This guy loves it:
You know this guy loves it:
And, yes, even this guy loves it:
("Say that to my face and I'll knock your block off.")
Sure, he'd never admit he loves it because he's a rugged New Englander who believes that acknowledging you love anything or smiling for photographs or even lifting objects with more than one hand makes you a total "nancy boy," but trust me, he loves it just the same.
I too love riding bicycles, which is why I wrote two whole books about riding bicycles even though I could have spent the six or seven hours it took to write each one actually riding bicycles instead. However, not everybody enjoys my books. In fact, I was browsing the reviews of my new book on a river-themed retail website when I came across one that drew the following conclusion:
"But, overall, I wouldn't recommend spending the $17 suggested retail price for this book. Just look at the Bicycling.com website--it has tons of useful advice on bike commuting without all the lame attempts at humor."
So there you have it--if you like advice but you hate humor then read Bicycling.com. Also, if it rains, take the bus.
(I just hope he doesn't find all the crap I've actually written for Bicycling.com while he's over there, because he is going to be p-i-s-s-e-d!)
In any case, all of this underscores an important point, which is that even people who love to ride bikes don't agree about everything. Some people like road bikes, other people like mountain bikes. Some people like light bikes, and other people like heavy bikes. Some people like upright bikes, and other people like recumbents. And you know what? Nobody's wrong!
Well, actually, that's not entirely true, because the recumbent riders are obviously wrong:
But as far as everything else goes, it's completely subjective.
In any case, another area in which people who love to ride bicycles disagree is with regard to bicycle infrastructure. For example, some people think we need more bike lanes, whereas others think bike lanes "ghettoize" us and believe we should all pretend to be cars instead. This is called "vehicular cycling." This makes a lot of sense too, because most of the streets in this country are designed for cars, and obviously cars and bikes are very similar--apart from the weight, and the number of wheels, and the means by which they're powered, and the speeds at which they travel, and the number of passengers they carry, and the vulnerability of the operator, and the dangers they pose to pedestrians. Other than those minor things, they're pretty much identical--I mean, they sell red cars, and they sell ride bikes, and both cars and bikes have wheels, so why not just keep the streets "One size fits all," right? If you're not convinced, just look at this example of "taking the lane" which was forwarded to me by a reader:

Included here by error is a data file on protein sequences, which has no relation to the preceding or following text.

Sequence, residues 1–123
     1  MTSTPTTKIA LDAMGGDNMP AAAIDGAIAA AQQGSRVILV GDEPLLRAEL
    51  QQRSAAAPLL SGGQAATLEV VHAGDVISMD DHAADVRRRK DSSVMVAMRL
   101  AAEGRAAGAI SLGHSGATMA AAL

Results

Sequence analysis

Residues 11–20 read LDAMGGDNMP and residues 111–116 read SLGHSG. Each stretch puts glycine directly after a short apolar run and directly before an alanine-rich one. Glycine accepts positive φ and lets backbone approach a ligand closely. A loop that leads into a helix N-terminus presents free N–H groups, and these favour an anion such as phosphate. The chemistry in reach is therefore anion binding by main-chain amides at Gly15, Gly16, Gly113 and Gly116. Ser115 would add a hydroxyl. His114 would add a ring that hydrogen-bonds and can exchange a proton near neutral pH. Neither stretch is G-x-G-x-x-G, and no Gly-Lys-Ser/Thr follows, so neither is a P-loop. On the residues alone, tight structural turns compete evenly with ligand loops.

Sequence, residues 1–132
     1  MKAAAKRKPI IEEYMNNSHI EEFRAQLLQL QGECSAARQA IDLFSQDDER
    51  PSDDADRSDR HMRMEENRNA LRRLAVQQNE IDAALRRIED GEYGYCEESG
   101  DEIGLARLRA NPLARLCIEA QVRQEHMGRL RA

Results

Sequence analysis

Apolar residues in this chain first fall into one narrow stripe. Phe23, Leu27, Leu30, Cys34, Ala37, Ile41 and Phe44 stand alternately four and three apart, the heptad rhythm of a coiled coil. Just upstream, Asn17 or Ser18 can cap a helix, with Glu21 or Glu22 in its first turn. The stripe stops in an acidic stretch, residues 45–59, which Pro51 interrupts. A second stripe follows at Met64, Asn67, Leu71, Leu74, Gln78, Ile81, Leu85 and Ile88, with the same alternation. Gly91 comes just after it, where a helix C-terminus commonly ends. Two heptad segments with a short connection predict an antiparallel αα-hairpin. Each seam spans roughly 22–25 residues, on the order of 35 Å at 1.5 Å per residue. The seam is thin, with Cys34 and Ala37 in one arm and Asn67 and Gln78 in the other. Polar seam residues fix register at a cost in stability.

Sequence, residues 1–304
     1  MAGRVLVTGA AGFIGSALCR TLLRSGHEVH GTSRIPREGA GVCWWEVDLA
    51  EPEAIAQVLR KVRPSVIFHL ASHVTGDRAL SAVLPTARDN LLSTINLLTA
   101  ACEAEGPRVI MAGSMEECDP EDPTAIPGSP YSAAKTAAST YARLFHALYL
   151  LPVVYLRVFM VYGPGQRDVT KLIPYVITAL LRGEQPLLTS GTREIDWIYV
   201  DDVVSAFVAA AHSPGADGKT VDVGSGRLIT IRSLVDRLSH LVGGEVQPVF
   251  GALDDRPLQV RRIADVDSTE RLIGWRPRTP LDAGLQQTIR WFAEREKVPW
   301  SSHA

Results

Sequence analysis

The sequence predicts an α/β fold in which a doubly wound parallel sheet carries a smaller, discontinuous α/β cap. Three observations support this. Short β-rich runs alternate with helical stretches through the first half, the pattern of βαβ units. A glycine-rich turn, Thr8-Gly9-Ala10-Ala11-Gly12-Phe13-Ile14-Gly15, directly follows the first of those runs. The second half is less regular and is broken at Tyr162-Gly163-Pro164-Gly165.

Now that's how they really do it in the Netherlands. All those pictures fietspaden and "bake feets" are just socialist propaganda.
Speaking of recumbents and bike lanes, what image of American cycling could be more poignant than this lone recumbent rider I spotted in the early morning in Los Angeles?
Well, I suppose this image might be a bit more poignant:
As might this one:
Sorry, I realize that the above image is not strictly safe for work, but I had to leave at least one nipple exposed for poignancy.
In any case, having mentioned Los Angeles I find myself growing nostalgic for my BRA tour, and prior to Los Angeles I was in San Francisco, where I sat and admired whatever that rust-colored bridge is called before heading to the Rapha Cycle Club:
True to their ethos, Rapha had planned an "epic" BRA ride with a cue sheet as long as an artisanal pickle:
Lamely, however, they failed to print it on perforated yak leather.
Once assembled, we took to the streets:
And proceeded to choke the bikeways and thoroughfares of San Francisco with our vast numbers and cloying smugness:
Before returning to the Rapha Cycle Club:
That's one nonplussed-looking crowd, and it's tough to say whether they're more disgusted by my talk or by the price of the bib shorts. (They say Rapha's prices are more swollen than a taint after an "epic" ride without chamois cream.)
Anyway, after my talk there was a book signing given by a surprise celebrity guest:
Though the surprise celebrity guest wasn't actually the same person who wrote the book:
Nevertheless, he was so excited to be there that after signing the book he immediately adjourned to the basement, where he proceeded to give the floor the old "Piermont treatment:"
Actually, the water was already there and we simply staged the photo. This should come as a great relief to the Rapha Cycle Club, though perhaps it's not a total relief since it means they have a leak somewhere. (Either that, or somebody else relieved themselves on the floor before we got down there.)
Speaking of relief, sometimes when people experience relief they emit a little sound--maybe a protracted "Ahhh" or something like that. People also make little sounds when they're disgusted or repulsed, which I'm pretty sure is what happened here:
park slope woman on bike - m4w - 31 (Park Slope)
Date: 2012-04-27, 8:57AM EDT
Reply to: [deleted]
You rode past me around 8am this morning and stopped ahead. Looked as if you were locking up your bike. As I approached you made a funny sound and I said good morning. Mind if I ride with you next time?
I'm not sure if the above poster is new to the neighborhood, but when a woman in Park Slope makes a sound like "Eeew" or "Ugh" it means she wants you to go away. Also, even if you're too dense to take the hint, you should definitely not take this as a cue to ask her for her "clam diameter:"
Cinelli Mash Bullhorn Handlebars - $80 (East Village)
Date: 2012-05-01, 11:21PM EDT
Reply to: [deleted]
Selling my black Cinelli Mash bullhorn handlebars. The clam diameter is 31.8 with a 40cm width.
That's one oversized clam.